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Mark Sta Ana
Mark Sta Ana

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AWS DevOps Pro Certification Blog Post Series: Configuration Management and Infrastructure as Code introduction

Photo by Evan Dvorkin on Unsplash

What does the exam guide say?

To pass this domain, you'll need to know the following:

  • Determine deployment services based on deployment needs
  • Determine application and infrastructure deployment models based on business needs
  • Apply security concepts in the automation of resource provisioning
  • Determine how to implement lifecycle hooks on a deployment
  • Apply concepts required to manage systems using AWS configuration management tools and services

This domain is 19% of the overall mark for the exam.

What whitepapers are relevant?

According to the AWS Whitepapers for DevOps we should look at the following documents:

What services and products covered in this domain?


  • CloudFormation - This is a templating language that allows you to codify your infrastructure. This is the "Infrastructure as Code" part of this domain.
  • OpsWorks - This service provides managed versions of Chef and Puppet. These are both industry standard configuration management systems.
  • Elastic Beanstalk - is AWS' Platform as a Service (PaaS) offering.
  • AWS Lambda - A service to run microservices / Serverless functions / Buzzword bingo
  • AWS ECS - Managed container services. IaC (codified)
  • AWS Config - Auditing services of your AWS services.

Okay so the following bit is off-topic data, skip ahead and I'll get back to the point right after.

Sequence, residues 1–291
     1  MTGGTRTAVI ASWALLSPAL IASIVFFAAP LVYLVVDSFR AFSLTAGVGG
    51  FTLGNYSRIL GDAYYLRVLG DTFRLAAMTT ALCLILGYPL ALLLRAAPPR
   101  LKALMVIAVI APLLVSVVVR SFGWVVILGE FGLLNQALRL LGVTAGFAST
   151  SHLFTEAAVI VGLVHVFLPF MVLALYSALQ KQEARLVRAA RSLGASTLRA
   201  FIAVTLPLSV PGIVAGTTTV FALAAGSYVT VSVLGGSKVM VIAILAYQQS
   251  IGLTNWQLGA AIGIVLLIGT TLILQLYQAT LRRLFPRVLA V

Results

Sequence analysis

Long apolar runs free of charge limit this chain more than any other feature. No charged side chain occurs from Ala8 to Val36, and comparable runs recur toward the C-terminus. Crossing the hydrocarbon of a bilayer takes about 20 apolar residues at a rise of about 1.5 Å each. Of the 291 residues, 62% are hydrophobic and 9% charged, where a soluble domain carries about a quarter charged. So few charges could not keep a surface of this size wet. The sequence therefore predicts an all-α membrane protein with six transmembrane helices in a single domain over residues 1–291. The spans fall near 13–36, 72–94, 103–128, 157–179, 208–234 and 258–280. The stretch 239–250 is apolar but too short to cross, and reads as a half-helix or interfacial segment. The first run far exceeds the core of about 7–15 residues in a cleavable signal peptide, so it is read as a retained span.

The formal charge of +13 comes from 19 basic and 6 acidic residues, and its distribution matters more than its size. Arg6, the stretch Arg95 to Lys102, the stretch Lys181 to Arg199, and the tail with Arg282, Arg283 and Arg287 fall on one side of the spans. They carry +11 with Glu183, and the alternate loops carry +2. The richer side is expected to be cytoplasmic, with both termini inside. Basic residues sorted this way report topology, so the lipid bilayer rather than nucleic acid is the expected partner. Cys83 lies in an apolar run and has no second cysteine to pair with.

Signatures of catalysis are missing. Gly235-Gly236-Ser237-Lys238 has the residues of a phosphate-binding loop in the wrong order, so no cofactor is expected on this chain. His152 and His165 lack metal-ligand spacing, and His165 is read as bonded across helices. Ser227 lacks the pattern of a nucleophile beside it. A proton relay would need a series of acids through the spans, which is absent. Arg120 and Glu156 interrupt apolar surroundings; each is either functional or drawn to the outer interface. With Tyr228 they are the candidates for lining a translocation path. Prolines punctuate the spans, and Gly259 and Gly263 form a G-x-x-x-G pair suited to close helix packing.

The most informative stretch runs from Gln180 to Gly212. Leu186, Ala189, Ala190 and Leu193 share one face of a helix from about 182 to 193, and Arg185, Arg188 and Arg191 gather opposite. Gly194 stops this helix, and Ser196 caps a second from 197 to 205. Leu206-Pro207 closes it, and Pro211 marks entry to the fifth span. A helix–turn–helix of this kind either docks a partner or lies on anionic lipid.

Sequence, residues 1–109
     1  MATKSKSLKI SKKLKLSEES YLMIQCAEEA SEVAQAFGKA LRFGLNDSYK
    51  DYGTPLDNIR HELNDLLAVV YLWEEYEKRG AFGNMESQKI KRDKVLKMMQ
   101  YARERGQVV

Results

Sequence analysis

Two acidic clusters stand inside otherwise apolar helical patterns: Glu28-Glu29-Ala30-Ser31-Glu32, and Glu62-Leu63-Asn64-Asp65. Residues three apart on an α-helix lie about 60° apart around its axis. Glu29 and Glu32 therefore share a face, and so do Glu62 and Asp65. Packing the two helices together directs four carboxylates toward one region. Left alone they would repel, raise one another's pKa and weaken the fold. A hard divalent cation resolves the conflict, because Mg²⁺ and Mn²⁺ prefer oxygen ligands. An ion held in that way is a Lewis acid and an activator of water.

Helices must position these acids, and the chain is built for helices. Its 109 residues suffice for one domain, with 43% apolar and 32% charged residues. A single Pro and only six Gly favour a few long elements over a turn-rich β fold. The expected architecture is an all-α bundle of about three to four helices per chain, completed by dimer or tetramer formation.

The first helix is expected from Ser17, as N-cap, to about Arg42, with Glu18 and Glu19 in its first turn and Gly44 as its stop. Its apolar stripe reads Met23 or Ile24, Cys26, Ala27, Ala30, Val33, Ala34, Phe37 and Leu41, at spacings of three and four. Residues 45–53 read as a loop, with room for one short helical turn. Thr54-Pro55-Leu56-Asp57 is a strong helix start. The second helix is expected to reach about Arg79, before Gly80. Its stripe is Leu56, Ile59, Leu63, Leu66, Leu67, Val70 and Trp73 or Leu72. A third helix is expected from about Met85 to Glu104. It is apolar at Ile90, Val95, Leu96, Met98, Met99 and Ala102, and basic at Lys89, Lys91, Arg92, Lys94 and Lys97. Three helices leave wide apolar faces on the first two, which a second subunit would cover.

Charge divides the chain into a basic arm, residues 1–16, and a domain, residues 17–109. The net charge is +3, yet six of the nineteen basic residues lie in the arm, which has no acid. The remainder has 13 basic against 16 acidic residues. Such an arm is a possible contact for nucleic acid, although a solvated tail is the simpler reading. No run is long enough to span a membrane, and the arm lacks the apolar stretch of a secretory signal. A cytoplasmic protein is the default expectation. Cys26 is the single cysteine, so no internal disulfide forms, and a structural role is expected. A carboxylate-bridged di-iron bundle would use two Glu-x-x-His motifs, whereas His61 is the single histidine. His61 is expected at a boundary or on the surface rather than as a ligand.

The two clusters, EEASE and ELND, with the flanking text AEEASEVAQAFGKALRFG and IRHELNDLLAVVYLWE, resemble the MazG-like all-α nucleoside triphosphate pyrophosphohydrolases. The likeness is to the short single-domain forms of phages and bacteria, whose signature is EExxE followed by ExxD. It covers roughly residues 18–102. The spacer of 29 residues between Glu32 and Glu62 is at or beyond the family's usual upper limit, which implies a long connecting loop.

• AWS Managed Services - Let's AWS manage your AWS!

What about other types of documentation?

If you have the time, by all means, read the User Guides, but they are usually a couple of hundred pages. Alternatively, get familiar with the services using the FAQs:

You're all expected to know the APIs

There's no API for AWS Managed Services because this a professional or technical services offering.

Before you panic, you'll start to spot a pattern with the API verbs.

And the CLI commands

There's no CLI for AWS Managed Services because there's no corresponding API.

As with the API, there are patterns to the commands.

Configu-what? And Infra as Who?

In the previous domain, we learnt that SDLC specifically the continuous delivery pipeline ensures that our code's integrity is being tested repeatedly and in a consistent manner.

Now we'll see how we can achieve something similar to the underlying infrastructure that powers both our build and hosting of our applications.

Configuration Management is a systematic way of handling changes to servers in such as a way that it maintains integrity over time. The key thing to remember is that often we talking about maintaining lots of servers i.e. more than one. To do this manually introduces risks that steps will be missed and inconsistencies in your environments will occur.

By automating this process for server builds and maintenance we reduce this risk. Whilst you could do this yourself through a series of shell scripts and ssh, it's better to use a dedicated tool, some popular choices are Puppet, Chef, and, Salt Stack and Ansible.

If Configuration Management ensures that our servers are patched to the correct version of operating system and contain the correct software to operate, then Infrastructure as Code ensures that provisioning of drum roll Infrastructure is done as reproducible steps. Tools you can expect to find in this space are Terraform, Azure Resource Manager and of course CloudFormation.

Both configuration management and infrastructure as code are often expressed as templates or a programming language. This makes both ideal candidates for using version control systems like Git to track changes.

To go to the next part of the series, click on the grey dot below which is next to the current marker (the black dot).

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